It is a cardinal rule in political advertising that a candidate's commercials should reinforce the messages voters receive from "free media" -- that is, the news. As this year's campaign begins, though, there is no easy way for Dailey to apply that rule. As he and other Reagan advisers acknowledge, the recent message from the free media has been that Reagan is off to a rocky start, that he can't quite get his act together.

But Dailey thinks the talking Reagan head is still the best way to start his commercial campaign. "If our strategy was right a couple of weeks ago, it's even more right now," Dailey said in the interview at Reagan's Arlington headquarters.

"I mean," he went on, "not enough people know Governor Reagan, of what he stands for.Not enough people have see him talk. They don't get a chance to see him; all they see are the little clips (on the television news), and the clips they've seen lately have been somewhat controversial. I think we're going to give people a chance to sit and listen to Governor Reagan and get the measure of the man."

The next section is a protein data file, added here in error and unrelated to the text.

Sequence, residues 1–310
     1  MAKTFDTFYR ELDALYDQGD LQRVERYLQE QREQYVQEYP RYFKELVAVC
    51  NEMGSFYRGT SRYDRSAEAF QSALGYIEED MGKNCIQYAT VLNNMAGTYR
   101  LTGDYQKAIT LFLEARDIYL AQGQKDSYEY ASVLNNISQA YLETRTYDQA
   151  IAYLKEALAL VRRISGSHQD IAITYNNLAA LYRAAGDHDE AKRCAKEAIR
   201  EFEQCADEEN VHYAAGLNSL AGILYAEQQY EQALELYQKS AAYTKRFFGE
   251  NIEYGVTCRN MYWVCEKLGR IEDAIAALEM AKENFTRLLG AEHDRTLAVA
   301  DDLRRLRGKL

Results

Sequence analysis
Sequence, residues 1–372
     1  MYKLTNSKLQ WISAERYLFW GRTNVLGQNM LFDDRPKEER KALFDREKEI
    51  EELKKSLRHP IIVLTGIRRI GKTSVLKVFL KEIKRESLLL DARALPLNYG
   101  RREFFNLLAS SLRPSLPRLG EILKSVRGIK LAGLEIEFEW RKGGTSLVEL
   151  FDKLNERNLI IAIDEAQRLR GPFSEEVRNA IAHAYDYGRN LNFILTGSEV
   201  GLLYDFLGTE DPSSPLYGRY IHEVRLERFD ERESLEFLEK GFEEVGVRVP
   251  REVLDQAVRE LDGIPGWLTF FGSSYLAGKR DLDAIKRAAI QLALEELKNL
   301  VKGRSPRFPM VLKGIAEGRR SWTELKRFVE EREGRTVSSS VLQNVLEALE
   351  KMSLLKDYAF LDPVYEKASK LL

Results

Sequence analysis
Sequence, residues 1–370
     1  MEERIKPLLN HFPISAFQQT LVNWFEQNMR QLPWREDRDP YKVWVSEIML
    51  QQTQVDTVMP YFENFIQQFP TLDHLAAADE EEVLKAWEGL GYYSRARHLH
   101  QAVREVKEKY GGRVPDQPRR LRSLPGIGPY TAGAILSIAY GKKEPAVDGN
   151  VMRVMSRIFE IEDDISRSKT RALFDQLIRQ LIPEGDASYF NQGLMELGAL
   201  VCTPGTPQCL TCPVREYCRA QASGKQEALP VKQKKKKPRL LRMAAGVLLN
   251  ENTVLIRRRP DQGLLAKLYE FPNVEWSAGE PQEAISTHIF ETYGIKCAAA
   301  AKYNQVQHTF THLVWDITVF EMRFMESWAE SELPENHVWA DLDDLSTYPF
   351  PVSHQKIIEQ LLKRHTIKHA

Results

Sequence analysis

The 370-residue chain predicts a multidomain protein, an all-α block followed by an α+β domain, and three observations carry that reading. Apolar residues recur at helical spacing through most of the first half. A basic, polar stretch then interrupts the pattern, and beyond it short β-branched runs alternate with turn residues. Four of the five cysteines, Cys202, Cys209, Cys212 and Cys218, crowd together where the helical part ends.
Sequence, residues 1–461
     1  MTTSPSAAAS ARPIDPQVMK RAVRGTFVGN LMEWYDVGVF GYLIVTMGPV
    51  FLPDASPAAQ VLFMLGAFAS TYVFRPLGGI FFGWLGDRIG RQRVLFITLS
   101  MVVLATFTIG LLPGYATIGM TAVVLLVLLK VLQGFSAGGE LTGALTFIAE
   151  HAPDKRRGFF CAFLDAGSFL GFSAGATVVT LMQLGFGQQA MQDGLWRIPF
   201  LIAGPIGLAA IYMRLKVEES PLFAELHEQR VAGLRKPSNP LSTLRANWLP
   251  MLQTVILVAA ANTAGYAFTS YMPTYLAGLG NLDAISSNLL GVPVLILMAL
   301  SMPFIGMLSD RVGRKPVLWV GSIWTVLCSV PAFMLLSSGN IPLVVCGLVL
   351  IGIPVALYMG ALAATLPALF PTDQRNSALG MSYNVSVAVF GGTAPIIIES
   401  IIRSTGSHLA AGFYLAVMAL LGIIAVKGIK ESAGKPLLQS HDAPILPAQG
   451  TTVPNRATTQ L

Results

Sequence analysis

If Dailey's initial ad strategy is based on a hunch about how Reagan can make the best first impression, Gerald Rafshoon's commercials for President Carter seem closely tied to more scientific polling information -- specifically, what there is about Jimmy Carter that the public finds appealing.

Judging by the first Carter commercials, the president's pollster, Patrick Caddell, has found a few basic qualities that respondents to his polls continue to admire in the president. They are emphasized repeatedly in Rafshoon's ads. In one spot, for example, an announcer intones:

"President Carter -- the people have come to respect his dedication, his foresight, his stability and his good sense."

Equally important to the initial commercials is their oft-repeated message that Carter is smart and energetic -- two points which Caddell and other pollsters have discovered public doubts about Ronald Reagan. In one Carter ad, for example, while the picture shows the president being presidential the announcer says: